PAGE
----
CAPE ELIZABETH — With heat and humidity in the forecast, medical professionals and volunteers were expecting the medical center at the TD Beach to Beacon 10K to be busy Saturday morning.
The numbers, however, were more manageable than expected. Dr. Mylan Cohen, the race’s medical director, confirmed two and a half hours after the start of the race that 41 runners were treated, with 20 needing care for mild heat sickness and nine needing to be immersed in ice to deal with heatstroke.
One runner was taken to the hospital, although race medical coordinator Chris Troyanos said the athlete was later released.
“Surprisingly, (it’s been) better than I thought,” Troyanos said. “Obviously, it’s very hot and very humid, but we knew it was coming. … We were prepared for a tough day. It didn’t materialize.”
With temperatures in the mid-70s and humidity in the high 70s shortly after the race began, fears were that runners were going to have difficulty keeping themselves from overheating. Troyanos said the medical center was anticipating having to treat and ice down twice as many runners, and there were 20 ice tubs ready for athletes.
“It was a lot better than we expected,” Cohen said. “You prepare for a disaster, and if you’re bored, that’s a good day.”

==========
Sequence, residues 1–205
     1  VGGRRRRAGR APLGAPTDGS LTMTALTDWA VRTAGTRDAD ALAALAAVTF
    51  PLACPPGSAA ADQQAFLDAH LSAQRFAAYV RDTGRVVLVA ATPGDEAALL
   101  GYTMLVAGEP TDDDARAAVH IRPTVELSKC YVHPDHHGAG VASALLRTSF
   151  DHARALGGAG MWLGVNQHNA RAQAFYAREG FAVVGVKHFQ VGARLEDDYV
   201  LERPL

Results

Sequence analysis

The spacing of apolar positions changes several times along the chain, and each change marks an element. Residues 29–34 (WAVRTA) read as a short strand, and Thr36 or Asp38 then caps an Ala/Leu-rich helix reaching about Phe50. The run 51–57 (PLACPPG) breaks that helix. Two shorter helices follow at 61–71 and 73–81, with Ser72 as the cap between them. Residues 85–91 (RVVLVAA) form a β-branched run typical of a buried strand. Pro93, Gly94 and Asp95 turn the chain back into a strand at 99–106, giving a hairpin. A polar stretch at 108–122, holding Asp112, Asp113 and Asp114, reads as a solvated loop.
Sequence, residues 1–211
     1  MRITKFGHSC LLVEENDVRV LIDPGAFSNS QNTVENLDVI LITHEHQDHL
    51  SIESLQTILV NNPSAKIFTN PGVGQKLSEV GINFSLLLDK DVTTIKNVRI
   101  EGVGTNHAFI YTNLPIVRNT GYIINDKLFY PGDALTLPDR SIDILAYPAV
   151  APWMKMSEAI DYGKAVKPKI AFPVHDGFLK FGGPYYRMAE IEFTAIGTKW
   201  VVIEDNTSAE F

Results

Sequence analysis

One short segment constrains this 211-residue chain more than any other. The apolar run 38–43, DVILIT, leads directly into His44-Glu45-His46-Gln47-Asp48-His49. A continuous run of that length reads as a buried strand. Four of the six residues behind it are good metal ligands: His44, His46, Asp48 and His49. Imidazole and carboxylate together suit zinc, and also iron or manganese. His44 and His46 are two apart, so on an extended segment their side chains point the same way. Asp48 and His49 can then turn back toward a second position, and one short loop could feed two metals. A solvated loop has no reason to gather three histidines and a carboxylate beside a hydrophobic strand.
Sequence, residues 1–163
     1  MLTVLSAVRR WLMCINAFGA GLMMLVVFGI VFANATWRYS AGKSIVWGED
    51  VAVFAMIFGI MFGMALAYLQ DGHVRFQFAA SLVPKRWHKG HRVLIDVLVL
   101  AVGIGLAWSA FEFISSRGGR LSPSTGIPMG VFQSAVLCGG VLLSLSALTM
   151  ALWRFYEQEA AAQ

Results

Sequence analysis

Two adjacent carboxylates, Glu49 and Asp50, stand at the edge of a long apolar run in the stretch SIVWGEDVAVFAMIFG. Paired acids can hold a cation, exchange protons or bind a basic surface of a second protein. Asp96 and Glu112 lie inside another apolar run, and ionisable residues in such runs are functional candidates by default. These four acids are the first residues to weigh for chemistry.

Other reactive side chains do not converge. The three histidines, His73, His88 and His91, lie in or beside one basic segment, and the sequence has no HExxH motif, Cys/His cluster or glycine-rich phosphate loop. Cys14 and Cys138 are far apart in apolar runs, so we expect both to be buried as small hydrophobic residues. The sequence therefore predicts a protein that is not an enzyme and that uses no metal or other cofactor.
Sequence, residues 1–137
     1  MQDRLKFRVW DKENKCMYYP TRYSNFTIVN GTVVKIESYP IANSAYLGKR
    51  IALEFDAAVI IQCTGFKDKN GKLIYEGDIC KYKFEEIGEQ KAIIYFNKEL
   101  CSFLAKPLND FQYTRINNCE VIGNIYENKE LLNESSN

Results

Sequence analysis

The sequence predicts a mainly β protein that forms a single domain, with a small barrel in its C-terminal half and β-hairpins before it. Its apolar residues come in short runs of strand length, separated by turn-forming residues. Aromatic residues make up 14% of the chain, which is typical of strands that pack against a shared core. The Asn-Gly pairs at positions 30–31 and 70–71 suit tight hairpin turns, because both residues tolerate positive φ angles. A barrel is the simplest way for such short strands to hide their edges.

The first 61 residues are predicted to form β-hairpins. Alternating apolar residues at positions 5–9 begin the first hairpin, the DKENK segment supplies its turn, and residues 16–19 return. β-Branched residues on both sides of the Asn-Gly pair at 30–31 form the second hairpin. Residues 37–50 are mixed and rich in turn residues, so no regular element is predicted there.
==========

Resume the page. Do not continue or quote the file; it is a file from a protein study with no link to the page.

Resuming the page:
Even though the weather was challenging, Cohen said runners were smart about pacing themselves for the 6.2 miles.
“I think what happened was perhaps the runners actually listened this year, and we think that people throttled back a little bit,” he said. “They realized it wasn’t going to be the year for them to pursue a record.”
Sometimes, those cautions aren’t heeded.
“Our highest year, we were in the 120, 125 range (for treatments),” Troyanos said. “And the lowest was about 30, 32.”
The humidity was still impactful, even for experienced runners.
Fifth-place overall women’s finisher Rachel (Schneider) Smith, a Sanford native and 2020 US Olympian, said “it was tough. The humidity zapped me.”
It was Smith’s first Beach to Beacon.
“Somehow it’s always eluded me. I hope to do it many more times,” she said.
Former Maine women’s winner Sheri Piers, 51, and her daughter Karley Piers, 19, the 2019 Beach to Beacon High School Mile champion, ran the race together, finishing in 39:15 and 39:16, respectively. Karley Piers was coming off her freshman year competing for Florida Gulf Coast University’s cross country and track teams.